Skin care for babies and infants

Wednesday, November 15, 2006
Warm water is usually all that is needed when washing a baby or infant because soap can dry out the skin. Unperfumed bath oil added to the bath helps keep the skin soft. Avoid bubble baths, which remove natural oils.

After bathing, the skin should be patted dry, including the skin folds of the armpits, groin, neck and behind the ears. A little moisturiser or aqueous cream can be used to clean the nappy area and as a moisturiser applied to dry skin after bathing, especially if your child has eczema.

In winter, children should be bathed less often as cold weather dries the skin. Woollen clothing should be avoided next to a baby's skin because it can cause itchiness and provoke eczema. Nappies should be of good-quality absorbent material and changed often.

Rashes and spots

A spotty rash on the face is quite common in young babies — it is often a sweat rash caused by their immature temperature control. Usually no treatment is needed. True infantile acne is uncommon and is due to maternal hormones that are still circulating in the baby's bloodstream and stimulating the oil glands. This can produce red bumps, pustules or even blackheads. Overheating can trigger baby acne.

Maternal hormones and harmless yeasts are also responsible for cradle cap, which manifests as thick greasy scales on a baby's scalp. These appear around six weeks of age and can last for several months. It usually clears up on its own. The scales can be removed by rubbing gently with a little vegetable oil or baby oil, combing out the flakes and then washing the child's hair with plain water or gentle baby shampoo. See a doctor if the condition persists or worsens.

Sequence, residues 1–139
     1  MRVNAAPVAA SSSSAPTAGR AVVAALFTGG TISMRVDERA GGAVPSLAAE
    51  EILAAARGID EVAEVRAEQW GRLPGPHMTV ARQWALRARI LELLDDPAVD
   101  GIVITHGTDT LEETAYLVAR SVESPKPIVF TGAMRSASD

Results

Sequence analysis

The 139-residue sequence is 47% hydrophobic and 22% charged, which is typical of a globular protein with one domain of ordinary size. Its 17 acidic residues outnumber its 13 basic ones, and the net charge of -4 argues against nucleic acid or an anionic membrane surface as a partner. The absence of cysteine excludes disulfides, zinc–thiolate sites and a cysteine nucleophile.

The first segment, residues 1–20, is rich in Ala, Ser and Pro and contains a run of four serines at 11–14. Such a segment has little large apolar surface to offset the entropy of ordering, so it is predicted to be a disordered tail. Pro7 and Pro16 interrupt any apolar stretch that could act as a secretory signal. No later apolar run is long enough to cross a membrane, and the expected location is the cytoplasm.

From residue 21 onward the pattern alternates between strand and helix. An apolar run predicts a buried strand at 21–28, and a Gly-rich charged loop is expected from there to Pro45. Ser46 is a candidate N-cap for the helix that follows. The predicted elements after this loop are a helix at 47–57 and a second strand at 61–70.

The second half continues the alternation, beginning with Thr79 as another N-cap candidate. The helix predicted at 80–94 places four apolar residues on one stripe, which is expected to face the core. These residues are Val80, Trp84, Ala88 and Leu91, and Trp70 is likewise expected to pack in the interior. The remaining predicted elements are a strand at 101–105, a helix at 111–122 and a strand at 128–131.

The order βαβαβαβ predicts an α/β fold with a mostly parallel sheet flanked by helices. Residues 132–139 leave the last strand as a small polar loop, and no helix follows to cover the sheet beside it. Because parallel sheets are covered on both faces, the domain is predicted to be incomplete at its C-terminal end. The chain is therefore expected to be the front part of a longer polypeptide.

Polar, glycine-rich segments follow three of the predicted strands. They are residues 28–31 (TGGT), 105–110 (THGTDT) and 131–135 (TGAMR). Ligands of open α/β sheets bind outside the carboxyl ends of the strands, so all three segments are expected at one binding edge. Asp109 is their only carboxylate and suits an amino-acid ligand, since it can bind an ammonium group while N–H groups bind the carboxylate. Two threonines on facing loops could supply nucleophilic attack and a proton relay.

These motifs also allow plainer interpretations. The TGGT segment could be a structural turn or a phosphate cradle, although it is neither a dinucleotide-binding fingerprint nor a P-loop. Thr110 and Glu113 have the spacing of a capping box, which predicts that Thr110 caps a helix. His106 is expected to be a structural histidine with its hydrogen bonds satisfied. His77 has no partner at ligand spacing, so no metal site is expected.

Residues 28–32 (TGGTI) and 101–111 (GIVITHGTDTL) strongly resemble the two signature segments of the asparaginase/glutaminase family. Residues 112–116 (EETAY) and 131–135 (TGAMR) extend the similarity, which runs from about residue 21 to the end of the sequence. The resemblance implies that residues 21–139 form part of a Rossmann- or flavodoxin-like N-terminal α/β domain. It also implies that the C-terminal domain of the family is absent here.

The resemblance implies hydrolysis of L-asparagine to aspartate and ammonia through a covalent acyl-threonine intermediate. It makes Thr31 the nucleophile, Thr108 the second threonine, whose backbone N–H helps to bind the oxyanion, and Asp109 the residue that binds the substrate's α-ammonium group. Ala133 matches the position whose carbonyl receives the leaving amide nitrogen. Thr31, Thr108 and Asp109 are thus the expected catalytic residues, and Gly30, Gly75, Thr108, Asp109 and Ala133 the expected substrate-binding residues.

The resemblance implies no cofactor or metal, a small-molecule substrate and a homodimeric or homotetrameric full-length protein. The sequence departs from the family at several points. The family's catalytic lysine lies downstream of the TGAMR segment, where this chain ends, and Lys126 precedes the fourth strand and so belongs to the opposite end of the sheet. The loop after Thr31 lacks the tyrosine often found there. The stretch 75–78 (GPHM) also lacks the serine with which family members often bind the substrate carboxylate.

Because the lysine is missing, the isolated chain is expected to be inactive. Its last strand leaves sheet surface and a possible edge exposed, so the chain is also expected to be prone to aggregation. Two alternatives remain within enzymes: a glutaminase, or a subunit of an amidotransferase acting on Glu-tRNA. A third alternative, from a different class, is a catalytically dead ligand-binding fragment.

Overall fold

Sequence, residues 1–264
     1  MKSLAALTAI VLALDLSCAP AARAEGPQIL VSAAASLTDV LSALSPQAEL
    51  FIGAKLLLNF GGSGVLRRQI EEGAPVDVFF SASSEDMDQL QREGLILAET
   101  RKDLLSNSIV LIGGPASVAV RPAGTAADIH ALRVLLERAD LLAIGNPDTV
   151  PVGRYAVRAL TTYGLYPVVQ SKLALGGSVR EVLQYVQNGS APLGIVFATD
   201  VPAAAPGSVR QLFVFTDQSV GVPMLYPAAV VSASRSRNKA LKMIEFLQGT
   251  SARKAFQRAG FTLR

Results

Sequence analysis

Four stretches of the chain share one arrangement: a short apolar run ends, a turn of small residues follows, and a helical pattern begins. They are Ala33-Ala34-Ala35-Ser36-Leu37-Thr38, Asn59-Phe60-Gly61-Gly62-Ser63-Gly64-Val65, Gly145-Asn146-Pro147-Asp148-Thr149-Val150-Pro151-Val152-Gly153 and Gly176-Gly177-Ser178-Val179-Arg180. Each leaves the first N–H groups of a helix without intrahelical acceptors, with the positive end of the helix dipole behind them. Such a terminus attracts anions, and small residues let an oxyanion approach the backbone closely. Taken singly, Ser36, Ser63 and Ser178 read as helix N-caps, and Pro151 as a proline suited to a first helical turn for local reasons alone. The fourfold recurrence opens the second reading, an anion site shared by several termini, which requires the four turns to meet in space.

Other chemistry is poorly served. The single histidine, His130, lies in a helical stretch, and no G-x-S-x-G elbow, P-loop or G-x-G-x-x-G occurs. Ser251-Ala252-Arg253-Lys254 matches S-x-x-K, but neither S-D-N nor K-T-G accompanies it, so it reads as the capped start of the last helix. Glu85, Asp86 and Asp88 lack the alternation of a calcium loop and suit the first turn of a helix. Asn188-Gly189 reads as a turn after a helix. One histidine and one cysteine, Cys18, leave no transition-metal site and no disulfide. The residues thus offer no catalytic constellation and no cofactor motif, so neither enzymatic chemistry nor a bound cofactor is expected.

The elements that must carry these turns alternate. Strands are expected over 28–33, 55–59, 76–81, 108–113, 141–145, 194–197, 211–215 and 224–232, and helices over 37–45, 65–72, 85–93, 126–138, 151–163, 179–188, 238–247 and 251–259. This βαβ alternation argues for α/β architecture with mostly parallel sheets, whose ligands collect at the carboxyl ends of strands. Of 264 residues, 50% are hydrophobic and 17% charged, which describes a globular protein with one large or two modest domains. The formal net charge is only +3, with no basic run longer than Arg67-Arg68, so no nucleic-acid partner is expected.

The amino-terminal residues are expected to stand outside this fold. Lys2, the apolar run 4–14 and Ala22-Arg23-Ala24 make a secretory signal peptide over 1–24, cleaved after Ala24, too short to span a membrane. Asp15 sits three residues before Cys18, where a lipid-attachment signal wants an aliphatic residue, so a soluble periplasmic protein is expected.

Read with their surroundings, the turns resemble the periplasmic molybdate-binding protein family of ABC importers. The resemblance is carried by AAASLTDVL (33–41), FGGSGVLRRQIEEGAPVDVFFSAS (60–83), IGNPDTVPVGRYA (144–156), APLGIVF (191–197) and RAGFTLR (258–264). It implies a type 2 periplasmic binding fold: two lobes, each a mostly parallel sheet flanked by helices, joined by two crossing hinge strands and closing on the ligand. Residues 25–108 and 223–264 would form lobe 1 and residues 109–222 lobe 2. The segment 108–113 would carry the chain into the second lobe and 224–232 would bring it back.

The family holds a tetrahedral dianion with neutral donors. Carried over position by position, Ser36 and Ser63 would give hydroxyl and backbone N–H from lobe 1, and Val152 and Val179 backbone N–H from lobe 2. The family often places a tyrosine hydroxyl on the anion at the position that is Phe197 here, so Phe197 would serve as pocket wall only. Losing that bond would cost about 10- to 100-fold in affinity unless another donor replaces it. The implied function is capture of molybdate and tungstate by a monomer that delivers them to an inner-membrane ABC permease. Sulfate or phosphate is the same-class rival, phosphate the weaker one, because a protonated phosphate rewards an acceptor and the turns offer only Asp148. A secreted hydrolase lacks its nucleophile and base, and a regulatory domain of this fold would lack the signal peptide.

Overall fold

Childhood eczema

Up to 30 percent of children under five years develop eczema. The Eczema Association of Australasia recommends the following management techniques.

  • Bathe the child in lukewarm water for up to five minutes using a hypo-allergenic bath oil or soapless cleanser.
  • Pat skin dry and apply a moisturising cream or ointment within three minutes. Use only hypoallergenic and unperfumed cleaners, laundry products and moisturisers.
  • Keep the child's fingernails short to prevent their scratching from breaking the skin.
  • Sweating can be an irritant, so dress the child in pure cotton clothing, which has been washed before the first wear.
  • Avoid wool and other coarse or rough-textured clothing or blankets. If you are wearing wool, put a nappy over your shoulder when holding your child.
  • Keep the child's room at an even temperature. Use a humidifier in dry or heated rooms to keep air moist.
  • If the child is allergic to dust or dust mites, use protective coverings for pillow and mattresses and wash bedclothes often in hot water. Keep pets off beds and other furniture or outside.
  • If night-time itching is a problem, use a cold, damp washcloth to soothe the child's skin, followed by a moisturiser and a sedating antihistamine (under doctor's guidance).

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